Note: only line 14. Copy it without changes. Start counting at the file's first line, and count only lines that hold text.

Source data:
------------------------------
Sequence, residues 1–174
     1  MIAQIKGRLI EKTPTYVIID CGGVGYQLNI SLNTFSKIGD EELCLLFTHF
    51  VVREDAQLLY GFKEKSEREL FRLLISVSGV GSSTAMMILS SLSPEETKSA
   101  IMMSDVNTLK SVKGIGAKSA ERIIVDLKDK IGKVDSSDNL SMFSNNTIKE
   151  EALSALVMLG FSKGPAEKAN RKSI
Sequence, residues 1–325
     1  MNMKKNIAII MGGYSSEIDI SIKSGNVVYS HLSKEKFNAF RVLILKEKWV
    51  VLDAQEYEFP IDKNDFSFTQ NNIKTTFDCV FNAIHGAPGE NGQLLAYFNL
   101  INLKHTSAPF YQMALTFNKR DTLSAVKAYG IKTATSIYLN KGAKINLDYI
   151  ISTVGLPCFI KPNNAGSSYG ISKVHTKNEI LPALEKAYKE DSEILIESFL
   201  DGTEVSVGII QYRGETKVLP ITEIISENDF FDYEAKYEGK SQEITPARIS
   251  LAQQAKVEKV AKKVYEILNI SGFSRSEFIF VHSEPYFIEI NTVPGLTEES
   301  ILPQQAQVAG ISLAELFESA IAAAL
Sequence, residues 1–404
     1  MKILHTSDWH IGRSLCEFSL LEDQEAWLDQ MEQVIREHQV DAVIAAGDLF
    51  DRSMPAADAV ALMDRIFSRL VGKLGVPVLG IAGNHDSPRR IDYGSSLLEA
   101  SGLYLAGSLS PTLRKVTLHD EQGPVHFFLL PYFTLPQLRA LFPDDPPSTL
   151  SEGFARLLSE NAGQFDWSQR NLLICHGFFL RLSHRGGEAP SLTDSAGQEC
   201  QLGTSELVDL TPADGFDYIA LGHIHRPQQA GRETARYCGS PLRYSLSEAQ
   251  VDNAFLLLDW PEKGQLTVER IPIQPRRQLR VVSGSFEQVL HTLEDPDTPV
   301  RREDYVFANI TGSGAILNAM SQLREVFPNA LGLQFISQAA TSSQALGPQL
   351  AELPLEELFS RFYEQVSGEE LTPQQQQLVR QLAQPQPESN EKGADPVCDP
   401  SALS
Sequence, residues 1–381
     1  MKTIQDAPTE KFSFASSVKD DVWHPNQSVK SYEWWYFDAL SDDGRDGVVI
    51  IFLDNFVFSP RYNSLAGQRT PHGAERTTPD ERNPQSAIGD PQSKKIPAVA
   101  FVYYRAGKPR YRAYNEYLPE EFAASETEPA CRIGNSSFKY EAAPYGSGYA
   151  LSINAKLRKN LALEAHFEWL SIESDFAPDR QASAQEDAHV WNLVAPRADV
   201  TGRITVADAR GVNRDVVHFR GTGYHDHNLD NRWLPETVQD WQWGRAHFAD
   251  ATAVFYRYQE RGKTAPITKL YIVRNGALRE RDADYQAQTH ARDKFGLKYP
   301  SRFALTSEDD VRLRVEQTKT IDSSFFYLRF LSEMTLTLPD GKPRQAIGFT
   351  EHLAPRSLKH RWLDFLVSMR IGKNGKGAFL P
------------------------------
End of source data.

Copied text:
Sequence, residues 1–404